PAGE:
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Presenters: Lucy R. Langer, Amye J. Tevaarwerk, and Robin Zon

Moderator : Travis Osterman

Abstract

The COVID-19 pandemic has led to a massive surge in the use of telemedicine services in oncology. However, although telemedicine usage is not as high as it was early in the pandemic, it is not as low as it was before the pandemic, either, indicating that patients have a desire to receive care when, where, and how they want. Most oncology providers agree that telemedicine is beneficial and here to stay, but barriers hinder equitable delivery, such as racial/ethnic affiliations, older age, residing in a rural area, and lower socioeconomic status. The momentum created by the pandemic can serve to show the benefits of telemedicine and solidify its place in oncology care. However, addressing these disparities—and increasing widespread access to broadband and educating both patients and providers on how to use these technologies—is paramount.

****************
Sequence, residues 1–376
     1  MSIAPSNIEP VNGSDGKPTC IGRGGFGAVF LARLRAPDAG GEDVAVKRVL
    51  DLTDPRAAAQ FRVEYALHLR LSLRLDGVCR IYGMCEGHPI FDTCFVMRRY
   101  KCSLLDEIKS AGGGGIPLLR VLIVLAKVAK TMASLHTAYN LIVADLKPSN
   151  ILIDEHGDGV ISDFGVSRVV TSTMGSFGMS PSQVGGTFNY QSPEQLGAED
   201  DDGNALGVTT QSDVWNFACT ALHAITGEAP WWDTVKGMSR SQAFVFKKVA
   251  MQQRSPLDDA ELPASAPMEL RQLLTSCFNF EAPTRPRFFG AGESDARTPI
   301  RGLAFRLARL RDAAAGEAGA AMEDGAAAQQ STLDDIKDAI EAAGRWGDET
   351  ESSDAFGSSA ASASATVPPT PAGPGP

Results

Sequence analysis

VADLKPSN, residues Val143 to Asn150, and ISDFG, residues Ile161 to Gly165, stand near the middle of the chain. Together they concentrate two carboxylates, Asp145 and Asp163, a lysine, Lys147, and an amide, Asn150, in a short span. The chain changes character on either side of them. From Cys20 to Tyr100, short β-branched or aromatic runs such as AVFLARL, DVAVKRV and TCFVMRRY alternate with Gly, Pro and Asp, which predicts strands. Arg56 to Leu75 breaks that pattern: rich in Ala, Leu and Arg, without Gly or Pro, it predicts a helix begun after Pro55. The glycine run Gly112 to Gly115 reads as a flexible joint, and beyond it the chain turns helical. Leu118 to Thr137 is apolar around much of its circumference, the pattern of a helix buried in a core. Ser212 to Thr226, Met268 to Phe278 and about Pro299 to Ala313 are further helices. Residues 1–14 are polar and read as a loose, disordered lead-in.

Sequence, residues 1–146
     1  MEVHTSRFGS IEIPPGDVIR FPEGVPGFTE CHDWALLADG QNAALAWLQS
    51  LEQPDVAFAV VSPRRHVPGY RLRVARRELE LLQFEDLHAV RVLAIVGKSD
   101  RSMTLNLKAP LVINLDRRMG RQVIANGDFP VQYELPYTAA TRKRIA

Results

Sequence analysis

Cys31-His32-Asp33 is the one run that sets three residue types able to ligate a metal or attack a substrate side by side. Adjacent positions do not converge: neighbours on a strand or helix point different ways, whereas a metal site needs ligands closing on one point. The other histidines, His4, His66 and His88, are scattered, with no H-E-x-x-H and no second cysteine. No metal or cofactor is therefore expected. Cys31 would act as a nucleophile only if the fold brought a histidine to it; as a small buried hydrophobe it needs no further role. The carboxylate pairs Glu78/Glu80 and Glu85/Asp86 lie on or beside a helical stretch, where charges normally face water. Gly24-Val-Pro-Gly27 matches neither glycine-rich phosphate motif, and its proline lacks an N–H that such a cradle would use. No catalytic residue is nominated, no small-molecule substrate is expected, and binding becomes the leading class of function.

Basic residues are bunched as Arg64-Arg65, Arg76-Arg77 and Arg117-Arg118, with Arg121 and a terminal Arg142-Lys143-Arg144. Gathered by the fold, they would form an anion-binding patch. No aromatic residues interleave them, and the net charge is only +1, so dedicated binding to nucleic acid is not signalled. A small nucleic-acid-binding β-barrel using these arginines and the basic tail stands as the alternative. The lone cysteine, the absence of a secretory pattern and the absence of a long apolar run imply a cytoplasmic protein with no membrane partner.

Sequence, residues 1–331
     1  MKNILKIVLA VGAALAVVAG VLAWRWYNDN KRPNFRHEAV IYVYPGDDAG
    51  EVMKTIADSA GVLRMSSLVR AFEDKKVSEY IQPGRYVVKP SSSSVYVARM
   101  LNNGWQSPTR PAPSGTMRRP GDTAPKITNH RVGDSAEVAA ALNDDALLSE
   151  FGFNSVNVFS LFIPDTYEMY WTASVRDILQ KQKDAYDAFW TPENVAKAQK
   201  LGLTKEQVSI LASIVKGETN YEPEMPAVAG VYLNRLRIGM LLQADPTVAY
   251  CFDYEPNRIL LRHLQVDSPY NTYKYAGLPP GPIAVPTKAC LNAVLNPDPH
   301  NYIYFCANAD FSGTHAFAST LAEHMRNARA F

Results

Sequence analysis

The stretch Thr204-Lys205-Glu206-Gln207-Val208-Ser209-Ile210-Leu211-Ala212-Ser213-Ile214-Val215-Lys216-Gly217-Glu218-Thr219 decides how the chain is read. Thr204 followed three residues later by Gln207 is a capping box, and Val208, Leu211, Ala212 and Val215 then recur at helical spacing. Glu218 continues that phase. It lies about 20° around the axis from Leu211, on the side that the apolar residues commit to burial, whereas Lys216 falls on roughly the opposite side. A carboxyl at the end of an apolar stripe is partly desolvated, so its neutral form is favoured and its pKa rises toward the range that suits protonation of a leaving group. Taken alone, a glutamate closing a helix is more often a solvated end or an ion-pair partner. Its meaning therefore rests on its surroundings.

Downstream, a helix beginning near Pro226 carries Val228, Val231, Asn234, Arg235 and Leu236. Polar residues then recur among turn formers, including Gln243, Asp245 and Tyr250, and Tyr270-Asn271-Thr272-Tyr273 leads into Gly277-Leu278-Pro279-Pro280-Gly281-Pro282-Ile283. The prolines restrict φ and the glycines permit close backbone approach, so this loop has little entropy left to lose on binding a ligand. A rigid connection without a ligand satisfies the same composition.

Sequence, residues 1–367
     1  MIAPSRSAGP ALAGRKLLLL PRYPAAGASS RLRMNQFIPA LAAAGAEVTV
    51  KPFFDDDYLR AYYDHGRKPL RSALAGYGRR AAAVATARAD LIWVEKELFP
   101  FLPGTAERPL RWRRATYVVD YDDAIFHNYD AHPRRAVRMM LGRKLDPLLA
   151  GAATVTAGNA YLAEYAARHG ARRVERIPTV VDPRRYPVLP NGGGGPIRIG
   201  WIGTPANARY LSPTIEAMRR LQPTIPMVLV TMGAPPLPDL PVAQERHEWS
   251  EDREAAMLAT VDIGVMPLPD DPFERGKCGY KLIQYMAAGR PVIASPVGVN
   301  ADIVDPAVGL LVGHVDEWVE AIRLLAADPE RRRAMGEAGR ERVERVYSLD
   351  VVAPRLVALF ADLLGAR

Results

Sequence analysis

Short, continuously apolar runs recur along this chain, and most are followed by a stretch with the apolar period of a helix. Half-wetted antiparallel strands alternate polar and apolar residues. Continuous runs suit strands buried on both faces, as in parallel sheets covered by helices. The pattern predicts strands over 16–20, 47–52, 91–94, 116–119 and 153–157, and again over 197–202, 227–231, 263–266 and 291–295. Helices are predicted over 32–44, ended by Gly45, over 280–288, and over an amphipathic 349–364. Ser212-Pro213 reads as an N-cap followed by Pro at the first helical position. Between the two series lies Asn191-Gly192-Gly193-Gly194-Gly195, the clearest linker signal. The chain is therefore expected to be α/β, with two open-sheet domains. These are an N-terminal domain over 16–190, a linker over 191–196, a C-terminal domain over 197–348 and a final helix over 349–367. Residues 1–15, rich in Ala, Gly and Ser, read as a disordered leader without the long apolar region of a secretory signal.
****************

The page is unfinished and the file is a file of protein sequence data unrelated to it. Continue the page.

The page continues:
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Presenters: Rajiv Agarwal and Lea K. Matsuoka

Moderator : Daniel B. Brown

Abstract

Liver transplant and resection are preferable for the management of hepatocellular carcinoma, but ultimately, tumor location, biology, and patient condition dictate treatment decisions. At the NCCN 2022 Annual Conference, a panel of experts used 3 case studies to develop an evidence-based approach to the treatment of similar patients with hepatocellular carcinoma. Moderated by Daniel B. Brown, MD, FSIR, the session focused on current research regarding liver-directed and systemic therapy options.

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Presenters: Meena S. Moran and A. Marilyn Leitch